What vitamin supplements are you currently taking?

See GP for full iron panel test for anaemia

Likely to need iron supplements

I was given iron supplements but they just gave me diarrhoea and didn’t increase my ferritin so I stopped.

I’ve given up taking supplements because they don’t help my levels or make me feel any better (I don’t have coeliac either)

SlowDragon profile image
SlowDragonAdministrator in reply to boxesandplanes

Vast majority of Hashimoto’s patients are gluten intolerant but not coeliac

The only way to know if that includes you is to try strictly gluten free diet

Hashimoto's frequently affects the gut and leads to low stomach acid and then low vitamin levels

Low vitamin levels affect Thyroid hormone working

Poor gut function with Hashimoto’s can lead leaky gut (literally holes in gut wall) this can cause food intolerances. Most common by far is gluten. Dairy is second most common.

According to Izabella Wentz the Thyroid Pharmacist approx 5% with Hashimoto's are coeliac, but over 80% find gluten free diet helps, sometimes significantly. Either due to direct gluten intolerance (no test available) or due to leaky gut and gluten causing molecular mimicry (see Amy Myers link)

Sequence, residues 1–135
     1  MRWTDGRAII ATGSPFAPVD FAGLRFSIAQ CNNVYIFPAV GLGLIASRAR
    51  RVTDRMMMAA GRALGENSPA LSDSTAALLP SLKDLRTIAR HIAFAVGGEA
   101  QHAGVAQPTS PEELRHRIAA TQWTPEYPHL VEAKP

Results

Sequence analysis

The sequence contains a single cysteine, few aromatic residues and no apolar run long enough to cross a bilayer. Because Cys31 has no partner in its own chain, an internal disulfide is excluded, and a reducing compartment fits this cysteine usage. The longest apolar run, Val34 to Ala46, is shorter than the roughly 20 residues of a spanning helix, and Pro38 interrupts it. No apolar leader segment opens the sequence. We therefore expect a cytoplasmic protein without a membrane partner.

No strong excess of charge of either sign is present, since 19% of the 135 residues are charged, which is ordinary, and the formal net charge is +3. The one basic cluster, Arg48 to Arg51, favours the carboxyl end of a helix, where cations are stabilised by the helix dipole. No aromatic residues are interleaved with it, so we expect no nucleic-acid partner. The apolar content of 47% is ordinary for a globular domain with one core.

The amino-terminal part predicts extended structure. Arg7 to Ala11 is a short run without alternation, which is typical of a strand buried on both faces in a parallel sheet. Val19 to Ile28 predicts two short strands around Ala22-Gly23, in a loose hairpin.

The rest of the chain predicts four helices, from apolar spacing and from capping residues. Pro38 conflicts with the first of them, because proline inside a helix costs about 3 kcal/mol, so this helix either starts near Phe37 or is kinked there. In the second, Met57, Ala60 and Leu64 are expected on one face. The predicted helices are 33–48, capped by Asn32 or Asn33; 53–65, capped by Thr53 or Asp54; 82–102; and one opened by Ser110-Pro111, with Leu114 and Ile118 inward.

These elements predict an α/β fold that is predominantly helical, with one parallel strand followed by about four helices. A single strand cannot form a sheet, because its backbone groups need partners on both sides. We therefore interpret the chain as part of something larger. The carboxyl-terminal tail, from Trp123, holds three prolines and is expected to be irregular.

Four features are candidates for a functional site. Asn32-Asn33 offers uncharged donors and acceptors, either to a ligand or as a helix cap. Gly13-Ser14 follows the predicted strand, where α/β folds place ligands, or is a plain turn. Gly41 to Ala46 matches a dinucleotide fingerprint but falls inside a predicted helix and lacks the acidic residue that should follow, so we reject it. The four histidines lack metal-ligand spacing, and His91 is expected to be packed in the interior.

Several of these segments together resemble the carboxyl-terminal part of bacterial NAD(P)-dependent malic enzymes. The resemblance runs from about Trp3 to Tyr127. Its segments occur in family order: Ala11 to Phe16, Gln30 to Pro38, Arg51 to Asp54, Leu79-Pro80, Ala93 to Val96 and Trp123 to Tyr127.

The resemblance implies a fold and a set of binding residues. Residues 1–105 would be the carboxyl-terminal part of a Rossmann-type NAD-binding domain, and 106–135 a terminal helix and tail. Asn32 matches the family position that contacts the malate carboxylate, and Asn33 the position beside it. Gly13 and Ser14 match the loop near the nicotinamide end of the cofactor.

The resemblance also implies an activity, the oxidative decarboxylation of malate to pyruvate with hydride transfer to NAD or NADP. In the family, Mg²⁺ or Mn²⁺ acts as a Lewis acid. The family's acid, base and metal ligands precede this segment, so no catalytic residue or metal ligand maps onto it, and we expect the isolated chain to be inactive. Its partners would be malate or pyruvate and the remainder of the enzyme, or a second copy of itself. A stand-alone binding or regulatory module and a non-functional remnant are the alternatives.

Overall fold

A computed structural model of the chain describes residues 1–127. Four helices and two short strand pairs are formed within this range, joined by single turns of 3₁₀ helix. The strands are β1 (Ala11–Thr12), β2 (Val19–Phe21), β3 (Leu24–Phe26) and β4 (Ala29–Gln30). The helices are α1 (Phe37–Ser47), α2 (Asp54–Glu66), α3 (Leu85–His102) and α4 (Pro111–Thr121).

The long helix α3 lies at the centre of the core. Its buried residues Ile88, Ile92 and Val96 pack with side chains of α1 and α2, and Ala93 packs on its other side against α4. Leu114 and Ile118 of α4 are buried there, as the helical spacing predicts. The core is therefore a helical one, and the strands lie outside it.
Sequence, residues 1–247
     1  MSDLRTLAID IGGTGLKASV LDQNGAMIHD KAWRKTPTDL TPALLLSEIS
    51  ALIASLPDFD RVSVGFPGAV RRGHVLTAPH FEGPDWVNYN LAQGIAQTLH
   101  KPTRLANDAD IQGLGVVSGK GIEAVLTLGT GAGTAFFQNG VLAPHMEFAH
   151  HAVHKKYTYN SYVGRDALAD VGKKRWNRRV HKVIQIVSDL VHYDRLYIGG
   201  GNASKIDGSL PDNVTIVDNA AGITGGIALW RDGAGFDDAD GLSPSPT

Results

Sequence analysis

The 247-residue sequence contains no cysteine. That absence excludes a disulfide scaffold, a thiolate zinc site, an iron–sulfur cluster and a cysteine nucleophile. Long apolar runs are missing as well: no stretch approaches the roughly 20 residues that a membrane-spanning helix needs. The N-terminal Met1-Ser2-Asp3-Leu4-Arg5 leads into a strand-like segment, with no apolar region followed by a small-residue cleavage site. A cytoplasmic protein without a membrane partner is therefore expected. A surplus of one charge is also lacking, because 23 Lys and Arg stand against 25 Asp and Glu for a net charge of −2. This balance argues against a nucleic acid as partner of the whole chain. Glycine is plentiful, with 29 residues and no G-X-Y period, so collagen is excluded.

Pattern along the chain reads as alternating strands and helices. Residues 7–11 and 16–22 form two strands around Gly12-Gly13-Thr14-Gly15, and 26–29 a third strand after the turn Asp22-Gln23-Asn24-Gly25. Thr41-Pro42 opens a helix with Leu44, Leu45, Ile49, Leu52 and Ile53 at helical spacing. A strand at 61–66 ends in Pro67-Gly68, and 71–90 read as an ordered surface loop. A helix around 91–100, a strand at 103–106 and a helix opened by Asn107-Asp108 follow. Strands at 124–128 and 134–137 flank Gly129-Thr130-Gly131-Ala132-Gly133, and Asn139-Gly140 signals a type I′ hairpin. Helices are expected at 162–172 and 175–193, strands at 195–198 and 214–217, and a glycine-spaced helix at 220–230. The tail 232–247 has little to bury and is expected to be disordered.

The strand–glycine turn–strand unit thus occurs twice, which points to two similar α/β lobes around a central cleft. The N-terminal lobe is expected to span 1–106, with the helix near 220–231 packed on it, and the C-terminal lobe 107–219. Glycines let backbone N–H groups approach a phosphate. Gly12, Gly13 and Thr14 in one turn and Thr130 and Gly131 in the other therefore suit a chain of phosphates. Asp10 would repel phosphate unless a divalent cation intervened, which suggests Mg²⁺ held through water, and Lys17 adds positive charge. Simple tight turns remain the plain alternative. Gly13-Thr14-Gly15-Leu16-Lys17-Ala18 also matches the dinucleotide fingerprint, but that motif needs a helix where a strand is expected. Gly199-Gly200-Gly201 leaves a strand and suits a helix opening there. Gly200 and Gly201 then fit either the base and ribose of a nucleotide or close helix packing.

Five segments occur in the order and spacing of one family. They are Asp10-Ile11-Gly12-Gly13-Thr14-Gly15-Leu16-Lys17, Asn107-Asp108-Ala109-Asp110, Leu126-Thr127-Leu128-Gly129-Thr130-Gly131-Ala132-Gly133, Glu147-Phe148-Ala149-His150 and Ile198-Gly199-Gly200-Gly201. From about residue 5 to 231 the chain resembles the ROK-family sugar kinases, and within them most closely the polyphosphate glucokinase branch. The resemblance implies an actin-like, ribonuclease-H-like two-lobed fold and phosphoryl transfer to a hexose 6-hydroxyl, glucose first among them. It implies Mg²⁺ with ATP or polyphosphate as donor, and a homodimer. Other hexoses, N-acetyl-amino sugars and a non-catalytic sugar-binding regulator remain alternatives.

Changing to a strictly gluten free diet may help reduce symptoms, help gut heal and slowly lower TPO antibodies

Presumably you have had negative coeliac test

Assuming test is negative you can immediately go on strictly gluten free diet

(If test is positive you will need to remain on high gluten diet until endoscopy, maximum 6 weeks wait officially)

Trying gluten free diet for 3-6 months. If no noticeable improvement then reintroduce gluten and see if symptoms get worse

chriskresser.com/the-gluten...

amymyersmd.com/2018/04/3-re...